March 16, 20101 found this helpful Best Answer

Suggested Varieties:
‘Marble Queen’ – A white-variegated variety that grows very slowly.
‘Golden’ – Leaves and stems have a yellow hue.
‘Tricolor’ – mottled with or yellow, cream and pale green. Harder to find.

Growing Tips:
Pothos are very easy care plants. Your biggest chore will be keeping the vines from taking over.
Soil: Pothos prefer a slightly acidic soil, but any well-draining potting mix will suffice.

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Water: Pothos like to have their soil dry out completely between waterings. If left continually in damp soil, the roots will rot. Let the plant tell you when to water. When it starts to droop, it needs a good drink. Don’t wait until the leaves start to shrivel or you will lose some leaves. Unlike the general rule of watering deeply and infrequently, I have found my pothos grow best if I give them a splash of water whenever they start to droop.

Fertilize: Pothos aren’t heavy feeders, but since there are no nutrients in most potting soils, feed monthly to bi-monthly, with any balanced houseplant fertilizer.
Pruning: is not required, but can be done to shape or control the size of your plant. Cut back to a leaf that is about 2″ from the base of the plant, to keep new growth coming in.

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Re-Potting: Eventually your pothos will become pot bound. When the leaves droop no matter how much or often you water them, the roots have probably filled the pot. Carefully lift the plant and check if that is the problem. When the plant has reached this stage, you can repot in a pot 1 or 2 sizes larger, with fresh soil. It helps to trim the plant back at this time also. If you don’t want a larger plant, you can try dividing the plant or simply takes some cuttings and start over. Good luck.

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How to Prune a Pothos Vine

How I love the Pothos plant with its feminine heart-shaped leaves! They’re similar to Philodendrons in looks, but they’re from different families.

Pothos is Scindapsus. I’ve never heard anyone use that word. Here’s a picture of a happy little Pothos I took this morning at Superior Mortgage:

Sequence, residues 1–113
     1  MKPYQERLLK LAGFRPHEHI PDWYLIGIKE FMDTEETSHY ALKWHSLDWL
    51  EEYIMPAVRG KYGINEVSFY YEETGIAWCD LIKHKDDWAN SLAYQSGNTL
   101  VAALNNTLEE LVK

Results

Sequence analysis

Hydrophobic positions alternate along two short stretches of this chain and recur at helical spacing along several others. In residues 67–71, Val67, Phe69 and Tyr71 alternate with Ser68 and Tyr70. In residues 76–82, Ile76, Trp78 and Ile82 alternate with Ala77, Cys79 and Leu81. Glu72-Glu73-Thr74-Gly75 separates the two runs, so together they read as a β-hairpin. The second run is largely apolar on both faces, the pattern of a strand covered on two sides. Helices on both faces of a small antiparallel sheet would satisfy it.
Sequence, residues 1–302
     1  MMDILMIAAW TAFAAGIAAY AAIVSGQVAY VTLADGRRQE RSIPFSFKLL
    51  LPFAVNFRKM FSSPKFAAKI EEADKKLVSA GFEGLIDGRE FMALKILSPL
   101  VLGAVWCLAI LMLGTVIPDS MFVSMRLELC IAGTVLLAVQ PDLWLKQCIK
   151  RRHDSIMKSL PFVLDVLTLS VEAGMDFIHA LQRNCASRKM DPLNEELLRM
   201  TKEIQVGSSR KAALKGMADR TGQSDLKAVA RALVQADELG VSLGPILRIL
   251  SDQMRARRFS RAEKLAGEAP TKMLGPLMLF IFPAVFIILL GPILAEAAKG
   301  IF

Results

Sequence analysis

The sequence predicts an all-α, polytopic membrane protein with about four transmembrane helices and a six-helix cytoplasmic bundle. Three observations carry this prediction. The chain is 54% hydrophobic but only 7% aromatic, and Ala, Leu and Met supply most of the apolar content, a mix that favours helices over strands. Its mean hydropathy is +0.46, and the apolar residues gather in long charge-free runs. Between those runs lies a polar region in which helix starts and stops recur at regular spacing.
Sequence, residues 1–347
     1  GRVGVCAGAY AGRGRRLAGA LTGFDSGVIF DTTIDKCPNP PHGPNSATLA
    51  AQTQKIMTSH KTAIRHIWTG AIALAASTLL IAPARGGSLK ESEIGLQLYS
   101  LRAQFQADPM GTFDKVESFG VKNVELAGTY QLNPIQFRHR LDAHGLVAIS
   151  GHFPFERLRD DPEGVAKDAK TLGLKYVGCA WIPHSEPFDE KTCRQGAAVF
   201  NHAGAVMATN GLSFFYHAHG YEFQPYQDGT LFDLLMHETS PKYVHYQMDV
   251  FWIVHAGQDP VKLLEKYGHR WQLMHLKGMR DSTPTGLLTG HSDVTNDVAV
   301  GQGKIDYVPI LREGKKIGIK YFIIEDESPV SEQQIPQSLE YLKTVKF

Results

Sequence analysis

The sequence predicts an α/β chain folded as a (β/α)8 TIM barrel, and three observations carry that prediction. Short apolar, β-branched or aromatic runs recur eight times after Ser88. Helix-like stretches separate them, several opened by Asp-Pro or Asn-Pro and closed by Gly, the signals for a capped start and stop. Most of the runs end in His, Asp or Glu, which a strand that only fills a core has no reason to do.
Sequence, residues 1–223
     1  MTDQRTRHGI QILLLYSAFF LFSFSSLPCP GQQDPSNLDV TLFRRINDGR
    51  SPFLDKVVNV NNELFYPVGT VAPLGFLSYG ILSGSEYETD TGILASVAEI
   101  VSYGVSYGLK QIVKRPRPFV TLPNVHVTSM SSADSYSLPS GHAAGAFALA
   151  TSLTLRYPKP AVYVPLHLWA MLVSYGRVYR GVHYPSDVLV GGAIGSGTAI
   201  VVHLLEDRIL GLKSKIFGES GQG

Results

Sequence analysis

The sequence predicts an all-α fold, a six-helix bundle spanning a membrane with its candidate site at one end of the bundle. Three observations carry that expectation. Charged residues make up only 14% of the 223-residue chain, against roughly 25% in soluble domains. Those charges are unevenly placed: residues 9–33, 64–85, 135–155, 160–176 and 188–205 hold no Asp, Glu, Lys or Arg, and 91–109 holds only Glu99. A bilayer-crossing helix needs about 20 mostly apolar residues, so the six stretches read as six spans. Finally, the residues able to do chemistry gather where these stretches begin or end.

Pothos

One reason I like this plant so much is that it requires no real light. Look where this plant is – in the copy hallway. There are no windows and it’s doing just fine. So if you are looking for a plant for a dark corner of your house or apartment, Pothos is your plant!

Once you get a Pothos started, you’ll see that it can be a voracious grower. People will come up to me and tell me about they have one that goes around the top of the living room, or down the banister.

That’s ok, but that’s not ideal. If you’re one of those people, look at the vine. Are there big stretches where there are no leaves or only crunchy brown leaves? Like this for example (or worse – this one’s not that bad):

Unkempt Pothos

Aesthetically, that’s weak. But the plant doesn’t like it healthwise either. Especially if it only has one or two stems coming out of the pot. Plants want to be full and healthy, not spindly and anemic-looking.

The solution? You’re not going to like it. You have to do some pruning.

Yup, you have to break out the scissors and trim your Pothos back. Not all the stems, just pick a few to start, until you feel more comfortable.

Pruning is the same thing for plants as it is for humans getting their hair cut. It’s necessary, or else your hair would be dragging on the floor and you’d always have bits of pizza stuck in it. As a houseplant owner, it’s your responsibility to keep the plant the size and shape that’s proportional to your home.

Er, I preach that to you, as I clearly have not done for this plant at the mortgage company. Let’s take another look to remind us of my hypocrisy before we go on:

Sometimes before I cut a plant’s stem or branch, I get a little worried that I’m hurting it. So I whisper softly, “Hold your breath little one, this will make you feel soooo much better.” Then I make the cut. In the case of this vine above, the trick is to make the cut close to the soil. Every time you cut a stem, you’ll get shoots popping out the side, usually two or three to replace the one you just cut. So if you cut by the soil, the plant will have a vigorous base. Here’s where I cut this one:

Sorry, that’s kinda hard to see. I’m still getting used to my new camera. I’ll show you some closer images in a minute. First here’s how the planter looks now:

In the weeks that follow, I’ll take pictures of the cut stem and show you exactly what happens to it. That way, when you try it at home, you won’t be scared.

Don’t throw away the vine you just cut. I’m going to show you exactly how to make it grow roots and start you a whole new plant for free!

If you’d like your Pothos (Epipremnum Aureum) to grow quickly and be as impressive as those you’ve seen in magazines and online, you might need a little help. Thankfully, you’ve come to the right place because I’ve got some great tips for you. This article will explain how to grow Pothos faster and ensure your plant is vibrant and healthy.